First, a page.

There comes a time to all of us where the
sharp, darting, calculating eye, the swift, sure, knowledgeable hand and the
store of impeccable blarney mastered over decades all avail us naught in the
coming-to-grips with a worthy adversary in the form of a flea-market vendor.
Some months ago I espied on the table of one of
my more cheerful vendors an old looking, largish (18"), enclosed-gear,
two-speed breast-drill. The asking price was $10.00 but a masterly
haggle on my part, pointing out that I had several of its fellows in my
arsenal of drills already, that its maker thought so little of his product
that he declined to place his name on it in any readily visible place, that
the chuck's springs had long ago deserted it necessitating an almost
impossible quest to find replacements and that its best, final use would be
for winding up balls of wool to be used to knit sweaters for old soldiers on
hard times, brought tears to his smiling face.
He gratefully accepted my proffered fiver and
blessed me for taking it off his hands, accepting my assurance that its only
redeeming feature was that, on my slow revolving of the handle, the spindle
revolved freely at a higher rate of Radians per Second (Thus we in Oz "metricized"
Revolutions per Minute).
Within a day or so of its acquisition the chuck
was removed from its rather forward position on the spindle (Is that the
correct name for the part?) and deposited in the freezer, whereafter some
months passed whilst I turned my interest to other things.
Approximately a week ago I had occasion to open
the freezer on the beer 'fridge and there, amongst the unknowable things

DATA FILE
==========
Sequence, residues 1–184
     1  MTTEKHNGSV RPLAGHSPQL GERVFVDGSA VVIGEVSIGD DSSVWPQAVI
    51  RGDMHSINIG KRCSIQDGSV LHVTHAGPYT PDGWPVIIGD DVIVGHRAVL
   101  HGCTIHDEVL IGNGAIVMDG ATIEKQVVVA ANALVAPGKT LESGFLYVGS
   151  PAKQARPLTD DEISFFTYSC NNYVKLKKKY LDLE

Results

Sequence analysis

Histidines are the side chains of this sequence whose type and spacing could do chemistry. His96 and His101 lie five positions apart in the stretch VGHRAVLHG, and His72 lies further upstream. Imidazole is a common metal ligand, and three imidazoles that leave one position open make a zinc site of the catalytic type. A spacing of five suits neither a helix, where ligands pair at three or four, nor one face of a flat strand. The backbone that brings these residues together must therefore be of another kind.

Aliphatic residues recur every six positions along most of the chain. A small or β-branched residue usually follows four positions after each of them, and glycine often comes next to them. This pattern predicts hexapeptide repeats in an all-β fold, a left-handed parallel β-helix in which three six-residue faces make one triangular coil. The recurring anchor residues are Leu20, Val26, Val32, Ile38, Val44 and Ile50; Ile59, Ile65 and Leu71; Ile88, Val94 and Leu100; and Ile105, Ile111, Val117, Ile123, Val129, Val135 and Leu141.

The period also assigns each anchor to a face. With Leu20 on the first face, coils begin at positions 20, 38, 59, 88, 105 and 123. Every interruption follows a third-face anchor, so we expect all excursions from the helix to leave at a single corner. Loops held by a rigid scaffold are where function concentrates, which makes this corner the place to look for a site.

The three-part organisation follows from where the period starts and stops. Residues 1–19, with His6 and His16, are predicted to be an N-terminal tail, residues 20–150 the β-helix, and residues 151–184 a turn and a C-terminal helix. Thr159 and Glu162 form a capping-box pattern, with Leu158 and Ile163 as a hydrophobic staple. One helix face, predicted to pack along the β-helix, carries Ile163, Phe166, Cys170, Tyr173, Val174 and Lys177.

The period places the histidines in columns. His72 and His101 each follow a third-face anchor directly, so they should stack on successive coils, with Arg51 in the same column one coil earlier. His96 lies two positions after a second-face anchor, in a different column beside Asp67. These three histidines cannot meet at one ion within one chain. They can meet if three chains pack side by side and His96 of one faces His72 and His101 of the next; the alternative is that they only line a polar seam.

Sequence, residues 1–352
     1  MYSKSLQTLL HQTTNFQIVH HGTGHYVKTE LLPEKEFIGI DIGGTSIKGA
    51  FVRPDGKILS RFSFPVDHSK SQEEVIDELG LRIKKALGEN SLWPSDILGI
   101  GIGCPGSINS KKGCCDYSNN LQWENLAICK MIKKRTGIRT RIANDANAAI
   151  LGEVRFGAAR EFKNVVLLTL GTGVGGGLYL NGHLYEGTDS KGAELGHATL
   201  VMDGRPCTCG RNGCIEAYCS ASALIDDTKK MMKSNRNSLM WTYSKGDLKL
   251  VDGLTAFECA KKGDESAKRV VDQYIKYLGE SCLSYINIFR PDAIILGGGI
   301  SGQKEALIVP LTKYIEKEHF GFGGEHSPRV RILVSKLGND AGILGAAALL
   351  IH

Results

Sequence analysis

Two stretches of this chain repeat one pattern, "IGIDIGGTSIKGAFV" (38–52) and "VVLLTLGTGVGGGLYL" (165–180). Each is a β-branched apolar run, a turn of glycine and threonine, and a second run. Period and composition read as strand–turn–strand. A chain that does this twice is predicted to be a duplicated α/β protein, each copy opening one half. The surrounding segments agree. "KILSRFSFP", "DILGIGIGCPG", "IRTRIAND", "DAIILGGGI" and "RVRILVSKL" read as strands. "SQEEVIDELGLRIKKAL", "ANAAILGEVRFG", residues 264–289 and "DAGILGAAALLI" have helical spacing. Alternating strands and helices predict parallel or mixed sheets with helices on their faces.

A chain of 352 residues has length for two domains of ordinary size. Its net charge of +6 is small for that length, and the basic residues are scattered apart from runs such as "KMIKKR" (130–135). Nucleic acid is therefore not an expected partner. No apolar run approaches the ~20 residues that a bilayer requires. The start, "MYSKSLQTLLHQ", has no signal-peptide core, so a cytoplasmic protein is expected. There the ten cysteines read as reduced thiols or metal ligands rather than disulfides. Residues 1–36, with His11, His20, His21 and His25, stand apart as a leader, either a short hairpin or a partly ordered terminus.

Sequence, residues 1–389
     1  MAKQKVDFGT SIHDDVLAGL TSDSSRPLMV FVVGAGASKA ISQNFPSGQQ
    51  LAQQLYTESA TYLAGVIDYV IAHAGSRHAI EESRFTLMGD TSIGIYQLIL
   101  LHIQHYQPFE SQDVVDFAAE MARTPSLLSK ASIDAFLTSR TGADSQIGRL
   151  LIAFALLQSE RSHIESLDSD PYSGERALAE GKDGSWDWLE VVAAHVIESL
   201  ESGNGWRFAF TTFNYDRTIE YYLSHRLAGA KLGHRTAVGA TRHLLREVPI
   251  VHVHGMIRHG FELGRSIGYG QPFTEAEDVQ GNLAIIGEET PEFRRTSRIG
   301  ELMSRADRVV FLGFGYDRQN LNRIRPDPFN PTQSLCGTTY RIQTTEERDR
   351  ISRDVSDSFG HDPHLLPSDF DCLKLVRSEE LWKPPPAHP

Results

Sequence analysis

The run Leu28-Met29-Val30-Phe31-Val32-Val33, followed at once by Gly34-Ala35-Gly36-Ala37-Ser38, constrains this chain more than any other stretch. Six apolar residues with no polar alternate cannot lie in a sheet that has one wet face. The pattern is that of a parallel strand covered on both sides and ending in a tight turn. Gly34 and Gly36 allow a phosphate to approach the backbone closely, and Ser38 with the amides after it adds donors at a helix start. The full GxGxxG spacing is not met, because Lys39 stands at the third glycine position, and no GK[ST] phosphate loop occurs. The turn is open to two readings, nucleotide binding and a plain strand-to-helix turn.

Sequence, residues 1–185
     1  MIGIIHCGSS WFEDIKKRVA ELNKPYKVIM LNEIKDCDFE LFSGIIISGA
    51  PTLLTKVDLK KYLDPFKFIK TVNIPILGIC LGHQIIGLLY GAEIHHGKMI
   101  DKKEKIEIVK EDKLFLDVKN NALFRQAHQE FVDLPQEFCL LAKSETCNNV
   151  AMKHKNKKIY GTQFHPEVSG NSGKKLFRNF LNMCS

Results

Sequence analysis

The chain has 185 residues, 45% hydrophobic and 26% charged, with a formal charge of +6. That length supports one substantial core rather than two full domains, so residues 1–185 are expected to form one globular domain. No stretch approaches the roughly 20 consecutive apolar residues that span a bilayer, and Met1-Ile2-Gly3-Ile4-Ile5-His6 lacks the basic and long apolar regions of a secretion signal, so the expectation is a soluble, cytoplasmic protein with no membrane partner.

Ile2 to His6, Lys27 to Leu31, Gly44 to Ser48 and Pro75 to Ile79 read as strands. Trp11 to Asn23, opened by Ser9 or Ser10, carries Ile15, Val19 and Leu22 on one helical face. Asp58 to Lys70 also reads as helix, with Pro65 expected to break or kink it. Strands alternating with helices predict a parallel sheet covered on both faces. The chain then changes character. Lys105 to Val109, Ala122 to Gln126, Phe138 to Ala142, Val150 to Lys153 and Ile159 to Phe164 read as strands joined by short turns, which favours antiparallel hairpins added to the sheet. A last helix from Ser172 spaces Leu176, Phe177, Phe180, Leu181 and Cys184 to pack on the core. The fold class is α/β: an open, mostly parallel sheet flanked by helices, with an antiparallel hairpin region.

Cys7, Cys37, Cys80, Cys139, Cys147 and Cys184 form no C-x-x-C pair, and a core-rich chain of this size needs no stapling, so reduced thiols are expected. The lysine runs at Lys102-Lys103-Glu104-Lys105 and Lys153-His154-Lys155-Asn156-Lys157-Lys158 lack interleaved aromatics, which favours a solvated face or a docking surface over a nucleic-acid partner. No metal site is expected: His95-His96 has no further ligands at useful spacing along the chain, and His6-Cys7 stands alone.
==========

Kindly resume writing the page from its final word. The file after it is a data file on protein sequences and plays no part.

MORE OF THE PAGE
that seem to multiply in a freezer, I found, glaring reproachfully at me,
the chuck, whose existence, along with the existence of its driving force,
had wandered out of memory.
Always one to acknowledge that the unexpected
is probably a sign from the gods to get on with it, whatever "it" may be, I
removed the chuck and let it thaw for a while to reduce the chance of
frostbite, then gave it numerous little taps with a small ball-peen hammer
to loosen things up, then inserted it in a vice and with my trusty
ever-tightening spanner I finally managed to unscrew the top of the chuck
after going through the step-by-step, ever-confusing mental process of
trying to determine which direction was the most likely to yield results.
Disassembly truly established that there was not a spring to be had.
Now is the time for a little candour. I
have been known, when in full bargaining cry with a fleaster, to be a little
on the side of the less-than-ingenuous. Thus, when relating to the
then-proprietor of the artifact in question the sad circumstance of the
difficulties of replacing chuck springs, I neglected to mention that, for
many years, I have made use of a virtually inexhaustible coil of thin piano
wire, originally acquired for snaring the occasional rabbit or two when the
prospect of putting myself in the position of having to dig a ferret out of
an iron-hard bury seemed a little too daunting.
And thus, after cleaning up the chuck's
component parts to find the jaws in first rate condition, I set to
manufacturing the springs. The method employed is, initially, very
similar to that described, with photographs, by the masterful Peter McBride
some time ago relative to his making silver chain links.
The size of the holes in the bases of the chuck
jaws are gauged with a drill bit and a bit two sizes (64ths) smaller is
selected and tightened in the chuck of an egg-beater. A short end of a
length of piano wire is bent at right angles and inserted in one of the gaps
between the chuck's jaws, the chuck and bit are turned and the wire is wound
on to the bit, each turn touching the preceding turn. Enough turns are